When you order food on a plane, there's a chance it was preheated for you on the tarmac — unintentionally.
Airplane food is made at catering facilities at or near airports, usually by one of a group of large firms that contract with airlines. The food is brought to planes by hydraulic delivery trucks, which — according to workers — aren't always temperature controlled. You may have seen one of these trucks pulled up to the side of your jet, sporting the logo of LSG Sky Chefs, Gate Gourmet or Flying Food Group, the three companies that make up nearly half the U.S. airline catering industry.
NBC News has learned that in September, workers at the LSG Sky Chefs facility that serves the Phoenix airport sent a letter to the Food and Drug Administration, expressing concerns that LSG's food was reaching unsafe temperatures on its way to the planes.
South of downtown Phoenix in the Sonoran Desert, Sky Harbor International Airport often experiences intense heat. Two summers ago temperatures on the tarmac got so high that dozens of flights were grounded because high heat makes it difficult to take off.
Prince, a former LSG Sky Chefs employee who did not want his last name used, worked loading and unloading planes in Phoenix for six months this year. In addition to the desert weather, he told NBC News that "the tarmac is always very hot because there's a lot of machines."
"In Phoenix, if it's 115 [degrees], on the tarmac it's going to be 125, 120," said Prince.
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The tarmac temperature regularly tops 100 degrees from June through September and the workers said in their letter to the FDA they were concerned because the food was "exposed to extremely hot conditions in delivery trucks." Average daily highs in greater Phoenix are above 75 for nine months out of the year.
"There is no air conditioning in most of the trucks that we drive," wrote the employees, who work delivering food from the catering facility to planes on the tarmac. "Sky Chefs provides dry ice to control the food temperature. On hot summer days, the dry ice sometimes has evaporated completely before we have delivered the food to airplanes."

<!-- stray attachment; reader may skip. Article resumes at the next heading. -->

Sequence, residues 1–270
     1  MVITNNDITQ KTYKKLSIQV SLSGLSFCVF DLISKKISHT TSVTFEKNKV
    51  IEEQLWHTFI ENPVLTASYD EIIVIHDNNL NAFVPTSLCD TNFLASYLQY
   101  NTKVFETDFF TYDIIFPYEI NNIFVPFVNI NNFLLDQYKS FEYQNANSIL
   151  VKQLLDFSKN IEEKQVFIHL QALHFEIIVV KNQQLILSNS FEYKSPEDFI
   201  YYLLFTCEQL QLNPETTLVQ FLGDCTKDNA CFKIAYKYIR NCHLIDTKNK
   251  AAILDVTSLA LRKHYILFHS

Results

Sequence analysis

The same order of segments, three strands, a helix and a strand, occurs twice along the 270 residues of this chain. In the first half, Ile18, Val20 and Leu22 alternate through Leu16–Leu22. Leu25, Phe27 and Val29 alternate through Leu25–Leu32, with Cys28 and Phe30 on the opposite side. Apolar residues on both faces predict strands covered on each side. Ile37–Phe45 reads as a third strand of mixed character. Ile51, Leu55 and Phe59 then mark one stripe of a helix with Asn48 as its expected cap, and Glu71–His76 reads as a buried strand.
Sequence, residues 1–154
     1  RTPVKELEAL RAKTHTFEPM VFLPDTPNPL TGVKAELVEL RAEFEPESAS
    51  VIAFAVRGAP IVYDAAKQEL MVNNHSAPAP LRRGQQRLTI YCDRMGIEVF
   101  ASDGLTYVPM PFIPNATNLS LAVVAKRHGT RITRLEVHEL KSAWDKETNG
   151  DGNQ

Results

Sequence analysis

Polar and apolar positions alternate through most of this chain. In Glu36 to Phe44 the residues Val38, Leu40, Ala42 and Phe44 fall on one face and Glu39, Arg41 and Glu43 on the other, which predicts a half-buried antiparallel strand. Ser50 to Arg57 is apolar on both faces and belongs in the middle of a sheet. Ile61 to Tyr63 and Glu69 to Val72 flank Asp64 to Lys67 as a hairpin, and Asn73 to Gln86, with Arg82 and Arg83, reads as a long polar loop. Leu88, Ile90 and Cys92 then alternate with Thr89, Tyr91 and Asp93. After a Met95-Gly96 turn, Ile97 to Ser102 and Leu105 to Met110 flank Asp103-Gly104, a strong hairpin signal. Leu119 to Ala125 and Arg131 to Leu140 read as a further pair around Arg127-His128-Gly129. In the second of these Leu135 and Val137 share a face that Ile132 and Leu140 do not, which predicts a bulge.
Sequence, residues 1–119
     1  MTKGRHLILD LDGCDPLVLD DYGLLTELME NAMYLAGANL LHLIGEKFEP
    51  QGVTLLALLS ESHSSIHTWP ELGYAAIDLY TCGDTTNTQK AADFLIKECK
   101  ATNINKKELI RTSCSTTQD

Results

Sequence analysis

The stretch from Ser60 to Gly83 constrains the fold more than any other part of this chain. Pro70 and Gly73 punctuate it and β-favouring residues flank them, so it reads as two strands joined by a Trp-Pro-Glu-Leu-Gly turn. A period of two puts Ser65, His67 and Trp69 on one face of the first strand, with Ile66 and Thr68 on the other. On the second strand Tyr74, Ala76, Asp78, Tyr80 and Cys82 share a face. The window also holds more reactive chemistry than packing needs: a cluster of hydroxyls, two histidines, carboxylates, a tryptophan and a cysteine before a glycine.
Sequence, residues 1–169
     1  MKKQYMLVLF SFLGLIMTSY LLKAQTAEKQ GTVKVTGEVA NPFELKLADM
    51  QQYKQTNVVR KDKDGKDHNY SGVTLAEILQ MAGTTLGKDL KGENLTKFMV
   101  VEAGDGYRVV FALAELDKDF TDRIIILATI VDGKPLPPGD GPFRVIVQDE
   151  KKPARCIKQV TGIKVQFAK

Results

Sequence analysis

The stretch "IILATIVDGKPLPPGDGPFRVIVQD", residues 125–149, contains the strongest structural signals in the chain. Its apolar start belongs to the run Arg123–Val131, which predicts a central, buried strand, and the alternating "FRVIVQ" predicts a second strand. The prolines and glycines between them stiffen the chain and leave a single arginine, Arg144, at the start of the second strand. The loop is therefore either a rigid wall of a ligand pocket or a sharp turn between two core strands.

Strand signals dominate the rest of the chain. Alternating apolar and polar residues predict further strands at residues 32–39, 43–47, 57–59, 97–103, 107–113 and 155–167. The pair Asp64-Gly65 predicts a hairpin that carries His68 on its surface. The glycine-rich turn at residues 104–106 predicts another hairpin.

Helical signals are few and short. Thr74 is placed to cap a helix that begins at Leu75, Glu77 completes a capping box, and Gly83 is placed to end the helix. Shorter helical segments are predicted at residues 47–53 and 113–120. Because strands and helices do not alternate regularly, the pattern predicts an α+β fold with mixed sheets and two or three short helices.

The workers estimated it can be up to three hours after a delivery truck leaves the catering facility before the food on board is loaded on a plane. Three current and former employees told NBC News the drive between the two locations is usually 30 minutes. But even if the food was loaded immediately on a plane, the employees expressed doubt that it was staying at refrigerated temperatures.
"It's supposed to be at 40 degrees," said an employee who asked not to be named for fear of retaliation. He said that in the past, when he had a thermometer, "I take the temperature and it's 70, 75, 80."
The current and former employees NBC News spoke with were contacted via the union that represents Sky Chefs workers, Unite Here, which is currently in a labor dispute with the company, negotiating a contract. Unite Here has held protests outside the headquarters of American Airlines, LSG Sky Chefs' largest client, and at airports around the country over the past several months. LSG Sky Chefs told NBC News that the timing of the complaint "is not a coincidence."